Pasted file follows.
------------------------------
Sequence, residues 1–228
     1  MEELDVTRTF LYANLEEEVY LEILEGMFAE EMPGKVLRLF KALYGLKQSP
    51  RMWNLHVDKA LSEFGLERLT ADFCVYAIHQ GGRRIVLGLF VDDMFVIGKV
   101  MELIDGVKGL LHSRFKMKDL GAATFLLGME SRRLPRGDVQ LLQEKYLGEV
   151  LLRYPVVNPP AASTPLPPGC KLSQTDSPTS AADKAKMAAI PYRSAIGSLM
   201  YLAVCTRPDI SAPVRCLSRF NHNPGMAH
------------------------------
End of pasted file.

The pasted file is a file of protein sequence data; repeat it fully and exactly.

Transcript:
Sequence, residues 1–228
     1  MEELDVTRTF LYANLEEEVY LEILEGMFAE EMPGKVLRLF KALYGLKQSP
    51  RMWNLHVDKA LSEFGLERLT ADFCVYAIHQ GGRRIVLGLF VDDMFVIGKV
   101  MELIDGVKGL LHSRFKMKDL GAATFLLGME SRRLPRGDVQ LLQEKYLGEV
   151  LLRYPVVNPP AASTPLPPGC KLSQTDSPTS AADKAKMAAI PYRSAIGSLM
   201  YLAVCTRPDI SAPVRCLSRF NHNPGMAH